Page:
Banks eager to help clients get PPP cash while funds are available
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The Treasury Department announced Monday that during this quarter, it’s going to borrow $3 trillion to handle coronavirus expenses. The Small Business Administration released an update about the second round of the Paycheck Protection Program. As of Friday, $175 billion in loans had been approved.
That means there’s still a bunch of money to lend. For the banks that are processing those loans, that’s good to know.
Going into this past weekend, the Bank of Southern California was eager to hear from the SBA how much loan money had been approved so far.
“It helps a lot to know how much money is still available. You know, what resources do I need to work through the weekend,” said Nathan Rogge, the bank’s CEO.
Now that the SBA says PPP funding is still available, Rogge said the bank is going to start reaching out to customers and letting them know they can still take advantage of the program.
“I think a lot of people’s perception was, ‘Oh, it’s a complete mess. I missed the boat,’ ” Rogge said.
Bay State Savings Bank in Worcester, Massachusetts, is preparing for a surge in new applicants, according to President Peter Alden.
The bank’s employees are working long hours to submit applications during times of the day when there’s less competition.
“There’s been a lot of applications that have been inputted at night and other off hours, just to make sure that they get through,” Alden said.
Many new applicants are likely to be really small businesses with one or two employees.
“At least on our level, what we’re seeing is our largest customers have already participated,” said Chris Duncan, a senior loan officer at La Salle State Bank in Illinois.
Those smaller businesses are likely to take out smaller loans, so Duncan said it will likely take a week for the remaining $135 billion to dry up. Still, he sees no reason to slack off.
“We can’t look at that number and sleep on that number,” he said. “In our mind, in any point in time, that money could disappear.”
And even though money is still available, banks should be helping out the customers who have already applied, said Richard Baier, CEO of the Nebraska Bankers Association.
“The process now needs to shift going forward to how do we manage loan forgiveness, [and] how do we help make sure borrowers are in compliance?” Baier said. And, help customers manage the financial implications of their businesses reopening.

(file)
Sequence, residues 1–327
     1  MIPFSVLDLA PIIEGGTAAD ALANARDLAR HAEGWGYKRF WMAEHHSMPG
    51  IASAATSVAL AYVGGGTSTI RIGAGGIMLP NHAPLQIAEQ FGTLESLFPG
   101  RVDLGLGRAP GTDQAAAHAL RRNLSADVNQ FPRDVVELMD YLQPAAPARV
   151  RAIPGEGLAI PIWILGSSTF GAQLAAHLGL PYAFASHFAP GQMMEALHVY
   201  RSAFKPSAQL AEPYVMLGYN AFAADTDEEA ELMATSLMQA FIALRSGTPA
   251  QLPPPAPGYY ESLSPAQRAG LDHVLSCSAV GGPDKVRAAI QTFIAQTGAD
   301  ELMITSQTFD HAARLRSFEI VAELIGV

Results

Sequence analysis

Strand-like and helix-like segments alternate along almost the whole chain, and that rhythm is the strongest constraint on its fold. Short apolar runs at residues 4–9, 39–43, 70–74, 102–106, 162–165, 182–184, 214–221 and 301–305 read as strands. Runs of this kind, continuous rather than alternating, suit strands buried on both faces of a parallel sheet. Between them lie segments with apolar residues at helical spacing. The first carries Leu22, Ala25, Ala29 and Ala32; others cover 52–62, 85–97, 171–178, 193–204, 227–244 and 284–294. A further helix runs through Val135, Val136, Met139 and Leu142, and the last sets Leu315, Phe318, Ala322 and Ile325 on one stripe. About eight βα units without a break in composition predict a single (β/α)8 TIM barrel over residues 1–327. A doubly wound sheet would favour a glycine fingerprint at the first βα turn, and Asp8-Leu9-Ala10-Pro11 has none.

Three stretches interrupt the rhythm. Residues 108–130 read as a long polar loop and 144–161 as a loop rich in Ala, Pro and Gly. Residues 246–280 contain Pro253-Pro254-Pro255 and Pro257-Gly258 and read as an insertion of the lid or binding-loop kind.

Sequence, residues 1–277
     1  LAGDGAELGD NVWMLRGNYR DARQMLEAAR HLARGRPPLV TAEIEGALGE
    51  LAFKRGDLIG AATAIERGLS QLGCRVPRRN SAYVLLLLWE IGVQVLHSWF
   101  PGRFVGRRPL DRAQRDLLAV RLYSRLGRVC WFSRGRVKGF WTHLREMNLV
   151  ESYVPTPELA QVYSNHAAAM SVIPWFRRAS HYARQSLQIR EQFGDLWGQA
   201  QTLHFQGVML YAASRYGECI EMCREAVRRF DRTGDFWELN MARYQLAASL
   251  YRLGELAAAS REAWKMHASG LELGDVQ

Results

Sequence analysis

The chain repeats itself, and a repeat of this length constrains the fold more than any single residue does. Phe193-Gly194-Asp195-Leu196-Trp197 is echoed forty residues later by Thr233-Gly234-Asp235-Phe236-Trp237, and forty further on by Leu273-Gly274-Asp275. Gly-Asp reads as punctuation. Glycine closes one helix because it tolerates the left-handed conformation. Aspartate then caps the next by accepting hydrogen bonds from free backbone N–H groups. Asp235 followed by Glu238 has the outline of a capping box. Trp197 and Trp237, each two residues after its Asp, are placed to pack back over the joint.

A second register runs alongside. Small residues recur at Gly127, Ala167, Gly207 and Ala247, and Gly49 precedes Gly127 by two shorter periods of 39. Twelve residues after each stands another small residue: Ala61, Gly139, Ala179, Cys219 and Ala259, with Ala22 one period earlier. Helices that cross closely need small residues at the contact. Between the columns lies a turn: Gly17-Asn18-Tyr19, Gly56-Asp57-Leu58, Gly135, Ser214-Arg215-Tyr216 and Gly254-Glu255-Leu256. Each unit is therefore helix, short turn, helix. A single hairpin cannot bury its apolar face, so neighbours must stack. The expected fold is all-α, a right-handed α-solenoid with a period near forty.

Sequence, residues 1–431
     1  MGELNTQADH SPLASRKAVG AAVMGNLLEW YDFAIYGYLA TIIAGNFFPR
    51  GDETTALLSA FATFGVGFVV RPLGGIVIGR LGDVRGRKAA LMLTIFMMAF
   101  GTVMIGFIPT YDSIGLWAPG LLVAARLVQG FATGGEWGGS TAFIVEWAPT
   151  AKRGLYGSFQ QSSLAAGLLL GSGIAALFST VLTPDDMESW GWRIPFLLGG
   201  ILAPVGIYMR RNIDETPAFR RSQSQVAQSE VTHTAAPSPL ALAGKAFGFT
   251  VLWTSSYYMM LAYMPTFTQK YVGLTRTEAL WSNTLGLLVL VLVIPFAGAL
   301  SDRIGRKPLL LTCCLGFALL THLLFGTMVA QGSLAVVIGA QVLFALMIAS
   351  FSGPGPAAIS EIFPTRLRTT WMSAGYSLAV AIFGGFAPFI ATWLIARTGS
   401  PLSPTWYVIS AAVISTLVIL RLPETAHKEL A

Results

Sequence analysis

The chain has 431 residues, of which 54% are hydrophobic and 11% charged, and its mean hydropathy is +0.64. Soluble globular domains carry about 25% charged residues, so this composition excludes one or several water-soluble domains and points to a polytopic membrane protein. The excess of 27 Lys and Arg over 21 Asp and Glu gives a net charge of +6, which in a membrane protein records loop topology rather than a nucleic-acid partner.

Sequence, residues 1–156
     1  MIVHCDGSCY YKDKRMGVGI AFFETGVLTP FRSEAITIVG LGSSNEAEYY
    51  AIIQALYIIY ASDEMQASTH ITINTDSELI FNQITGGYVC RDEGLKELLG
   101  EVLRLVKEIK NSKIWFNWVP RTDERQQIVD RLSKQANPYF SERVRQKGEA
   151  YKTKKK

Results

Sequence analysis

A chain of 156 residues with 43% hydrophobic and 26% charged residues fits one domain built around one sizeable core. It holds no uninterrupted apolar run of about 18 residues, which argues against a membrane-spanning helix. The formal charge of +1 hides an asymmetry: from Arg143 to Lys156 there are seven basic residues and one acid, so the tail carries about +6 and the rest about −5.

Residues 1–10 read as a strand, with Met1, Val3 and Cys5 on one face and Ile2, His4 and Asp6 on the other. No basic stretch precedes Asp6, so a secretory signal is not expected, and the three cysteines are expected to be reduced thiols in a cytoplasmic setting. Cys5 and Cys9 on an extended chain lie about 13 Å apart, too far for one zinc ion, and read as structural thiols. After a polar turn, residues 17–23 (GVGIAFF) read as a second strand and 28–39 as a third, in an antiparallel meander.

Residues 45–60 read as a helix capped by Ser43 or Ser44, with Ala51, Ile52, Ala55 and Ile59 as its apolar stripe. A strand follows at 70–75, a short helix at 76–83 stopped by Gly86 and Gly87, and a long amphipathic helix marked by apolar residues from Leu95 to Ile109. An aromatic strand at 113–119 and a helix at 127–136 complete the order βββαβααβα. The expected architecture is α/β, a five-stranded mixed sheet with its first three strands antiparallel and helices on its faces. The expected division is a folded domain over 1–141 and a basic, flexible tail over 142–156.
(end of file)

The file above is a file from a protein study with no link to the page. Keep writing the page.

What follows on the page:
COVID-19 Economy FAQs
Are states ready to roll out COVID-19 vaccines?
Claire Hannan, executive director of the nonprofit Association of Immunization Managers, which represents state health officials, said states have been making good progress in their preparations. And we could have several vaccines pretty soon. But states still need more funding, she said. Hannan doesn’t think a lack of additional funding would hold up distribution initially, but it could cause problems down the road. “It’s really worrisome that Congress may not pass funding or that there’s information circulating saying that states don’t need additional funding,” she said.
How is the service industry dealing with the return of coronavirus restrictions?
Without another round of something like the Paycheck Protection Program, which kept a lot of businesses afloat during the pandemic’s early stages, the outlook is bleak for places like restaurants. Some in the San Francisco Bay Area, for example, only got one week of indoor dining back before cases rose and restrictions went back into effect. Restaurant owners are revamping their business models in an effort to survive while waiting to see if they’ll be able to get more aid.
How are hospitals handling the nationwide surge in COVID-19 cases?
As the pandemic surges and more medical professionals themselves are coming down with COVID, nearly 1 in 5 hospitals in the country report having a critical shortage of staff, according to data from the Department of Health and Human Services. One of the knock-on effects of staff shortages is that people who have other medical needs are being asked to wait.
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